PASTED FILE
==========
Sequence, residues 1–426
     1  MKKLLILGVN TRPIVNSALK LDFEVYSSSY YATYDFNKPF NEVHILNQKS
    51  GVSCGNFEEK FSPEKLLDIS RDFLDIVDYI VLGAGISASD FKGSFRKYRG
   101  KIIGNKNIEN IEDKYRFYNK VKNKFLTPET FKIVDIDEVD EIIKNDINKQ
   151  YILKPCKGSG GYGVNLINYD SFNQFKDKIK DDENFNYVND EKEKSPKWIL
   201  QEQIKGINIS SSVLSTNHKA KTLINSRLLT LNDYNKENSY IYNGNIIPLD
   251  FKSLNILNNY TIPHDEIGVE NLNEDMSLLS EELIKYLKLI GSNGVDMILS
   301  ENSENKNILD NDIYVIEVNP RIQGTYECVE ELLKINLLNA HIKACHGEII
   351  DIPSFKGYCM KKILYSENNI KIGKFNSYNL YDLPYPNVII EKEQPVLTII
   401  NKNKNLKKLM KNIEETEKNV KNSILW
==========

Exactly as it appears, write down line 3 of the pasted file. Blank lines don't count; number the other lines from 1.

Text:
    51  GVSCGNFEEK FSPEKLLDIS RDFLDIVDYI VLGAGISASD FKGSFRKYRG